Cheryl Garmon has spent her life helping others throughout a career as a nurse. Last year, she was in the University of Texas at Tyler’s inaugural class of Doctor of Nursing Practice students.
Garmon is a member of the National Black Nurses Association and has served on the board of the Alzheimer’s Alliance of Smith County. She graduated from the Texas Eastern School of Nursing, now Tyler Junior College’s school of nursing. She earned her bachelor’s and master’s degrees from UT Tyler.
Daye Collins has served on several community boards and committees including Tyler Civic Theatre, Women in Tyler and McClendon House Society, where she helped preserve the historic home.
She is on the Smith County Historical Society Board of Directors.
Collins was a teacher for many years at Bishop Thomas K. Gorman Catholic School and is a graduate of the Leadership Texas program.
Yaziri “Yo” Orrostieta
Yaziri Orrostieta is the CEO of WorkHub Tyler, a membership-based professional co-working space, and previously served as a vice president at Heritage Land Bank and as digital marketing manager at Mentoring Minds.
She holds a bachelor’s degree from the University of Texas at Tyler and a master’s degree from the University of North Texas. She has experience in banking and lending and mentors aspiring and new business owners.
Laura Cano is the executive director for human resources at Tyler ISD and president of Hispanic Professionals Association of Tyler. Her involvement in the community focuses on promoting leadership development for working professionals.
She has had numerous volunteer roles and continues to encourage others despite losing a teenage son to cancer.
Carol Swanson is a former Ms. Texas Senior Pageant winner and has received the organization’s Mary Frances Hansen Community Service Award.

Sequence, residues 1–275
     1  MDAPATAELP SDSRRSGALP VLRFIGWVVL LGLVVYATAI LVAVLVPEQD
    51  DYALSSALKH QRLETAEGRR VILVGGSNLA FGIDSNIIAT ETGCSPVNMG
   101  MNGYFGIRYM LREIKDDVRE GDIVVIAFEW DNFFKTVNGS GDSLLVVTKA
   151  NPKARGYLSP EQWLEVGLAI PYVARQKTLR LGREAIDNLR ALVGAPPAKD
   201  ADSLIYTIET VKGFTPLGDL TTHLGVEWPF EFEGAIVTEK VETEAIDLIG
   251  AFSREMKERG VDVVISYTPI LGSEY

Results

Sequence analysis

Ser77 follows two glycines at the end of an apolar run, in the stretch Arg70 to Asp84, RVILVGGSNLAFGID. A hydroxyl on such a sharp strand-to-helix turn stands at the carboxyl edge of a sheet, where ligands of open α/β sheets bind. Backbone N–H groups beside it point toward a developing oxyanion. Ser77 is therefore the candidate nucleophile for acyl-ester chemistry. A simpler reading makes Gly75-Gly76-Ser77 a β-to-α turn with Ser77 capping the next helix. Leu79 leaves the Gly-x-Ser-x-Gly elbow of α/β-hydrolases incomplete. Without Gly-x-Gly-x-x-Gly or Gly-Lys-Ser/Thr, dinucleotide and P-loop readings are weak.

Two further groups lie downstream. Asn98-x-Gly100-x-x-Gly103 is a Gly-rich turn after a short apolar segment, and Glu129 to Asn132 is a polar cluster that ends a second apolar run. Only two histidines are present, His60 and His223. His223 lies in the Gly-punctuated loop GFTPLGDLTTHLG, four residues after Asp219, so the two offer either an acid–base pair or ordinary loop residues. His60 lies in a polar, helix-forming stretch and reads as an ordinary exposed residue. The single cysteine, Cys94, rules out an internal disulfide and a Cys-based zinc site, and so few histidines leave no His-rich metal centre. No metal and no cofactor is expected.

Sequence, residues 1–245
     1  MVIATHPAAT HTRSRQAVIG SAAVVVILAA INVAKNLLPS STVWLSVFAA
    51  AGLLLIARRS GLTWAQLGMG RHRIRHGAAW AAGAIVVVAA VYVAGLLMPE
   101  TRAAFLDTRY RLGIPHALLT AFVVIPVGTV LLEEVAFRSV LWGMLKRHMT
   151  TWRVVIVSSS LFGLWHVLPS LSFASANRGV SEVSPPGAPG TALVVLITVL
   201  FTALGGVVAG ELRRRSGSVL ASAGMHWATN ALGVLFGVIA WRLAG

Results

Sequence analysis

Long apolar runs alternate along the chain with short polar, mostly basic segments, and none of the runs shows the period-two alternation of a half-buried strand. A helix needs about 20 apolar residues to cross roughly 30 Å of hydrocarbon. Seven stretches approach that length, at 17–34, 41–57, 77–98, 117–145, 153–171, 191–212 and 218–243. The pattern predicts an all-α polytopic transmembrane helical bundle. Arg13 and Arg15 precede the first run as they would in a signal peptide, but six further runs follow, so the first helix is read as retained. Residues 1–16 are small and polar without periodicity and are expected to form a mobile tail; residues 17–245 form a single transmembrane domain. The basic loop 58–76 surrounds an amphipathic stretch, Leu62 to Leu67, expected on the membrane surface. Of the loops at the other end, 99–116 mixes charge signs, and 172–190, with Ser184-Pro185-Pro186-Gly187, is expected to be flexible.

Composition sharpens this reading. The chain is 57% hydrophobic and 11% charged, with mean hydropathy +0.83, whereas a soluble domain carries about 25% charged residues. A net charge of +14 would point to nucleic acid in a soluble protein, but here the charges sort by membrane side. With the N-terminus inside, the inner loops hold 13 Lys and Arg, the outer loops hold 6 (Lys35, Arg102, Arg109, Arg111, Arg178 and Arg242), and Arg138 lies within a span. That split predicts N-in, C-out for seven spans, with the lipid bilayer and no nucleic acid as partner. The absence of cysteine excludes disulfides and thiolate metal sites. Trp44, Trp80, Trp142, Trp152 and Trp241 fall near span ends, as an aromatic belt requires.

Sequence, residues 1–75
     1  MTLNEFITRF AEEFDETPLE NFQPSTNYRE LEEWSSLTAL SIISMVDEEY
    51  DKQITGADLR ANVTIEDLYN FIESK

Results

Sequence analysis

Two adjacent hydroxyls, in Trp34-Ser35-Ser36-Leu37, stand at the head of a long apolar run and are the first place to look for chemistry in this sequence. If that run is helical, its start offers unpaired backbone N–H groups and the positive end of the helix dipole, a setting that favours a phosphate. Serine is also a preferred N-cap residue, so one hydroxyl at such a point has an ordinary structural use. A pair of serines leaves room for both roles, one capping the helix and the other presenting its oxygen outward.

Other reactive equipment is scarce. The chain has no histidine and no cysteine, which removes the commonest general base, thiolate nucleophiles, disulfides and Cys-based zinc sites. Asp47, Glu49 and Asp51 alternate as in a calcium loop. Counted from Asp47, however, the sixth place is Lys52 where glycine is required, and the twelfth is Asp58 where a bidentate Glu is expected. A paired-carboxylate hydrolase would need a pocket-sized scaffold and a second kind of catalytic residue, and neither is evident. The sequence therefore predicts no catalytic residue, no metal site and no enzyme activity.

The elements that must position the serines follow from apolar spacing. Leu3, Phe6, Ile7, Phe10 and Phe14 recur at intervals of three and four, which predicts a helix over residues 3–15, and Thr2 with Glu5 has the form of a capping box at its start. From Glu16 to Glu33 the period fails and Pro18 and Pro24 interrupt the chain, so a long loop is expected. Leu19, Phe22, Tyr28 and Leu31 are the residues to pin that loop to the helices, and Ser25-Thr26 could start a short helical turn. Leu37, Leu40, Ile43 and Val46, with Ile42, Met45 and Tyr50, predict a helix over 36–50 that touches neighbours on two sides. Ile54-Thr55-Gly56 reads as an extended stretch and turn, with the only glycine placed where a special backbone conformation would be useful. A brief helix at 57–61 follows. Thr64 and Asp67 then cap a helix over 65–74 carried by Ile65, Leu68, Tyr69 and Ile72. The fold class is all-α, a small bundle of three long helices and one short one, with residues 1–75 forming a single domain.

She is known for her acts of kindness, such as baking and delivering cookies to first responders. She has been involved in fundraising for nonprofits and donates her time at Hospice of East Texas and other organizations.
An 8-year-old child was listed in critical condition after a wreck early Monday morning.
A woman who police say was intoxicated was arrested after her vehicle collided head-on with another car near the University of Texas Health Science Center at Tyler.
Tyler Police Department, the fire department and EMS responded at 12:09 a.m. to the scene of the wreck in the 10700 block of U.S. Highway 271, just south of UT Health Science Center, according to a news release.
Jasmine Gonzalez, 19, of Tyler, was driving southbound on U.S. 271 in a 2005 Mercedes-Benz in the northbound lanes when she hit a 2019 Nissan Sentra head-on, police said.
In the Nissan were a 35-year-old female driver and two children, ages 8 and 13. The driver and the 8-year-old were in critical condition and the 13-year-old in stable condition, according to the police department.
The victims’ names are not being released at this time due to their medical condition, according to the release.
Gonzalez was sent to a local hospital for treatment and then was released into officers’ custody. Investigators learned that she was intoxicated at the time of the crash, according to police.
She was charged with two counts of intoxication assault with a vehicle causing serious bodily injury. She was booked into the Smith County Jail and released the same day. She had two bonds of $5,000 each, according to jail records.
DALLAS (AP) — A subtle design feature of the AR-15 rifle has raised a technical legal question that is derailing cases against people who are charged with illegally buying and selling the gun’s parts or building the weapon.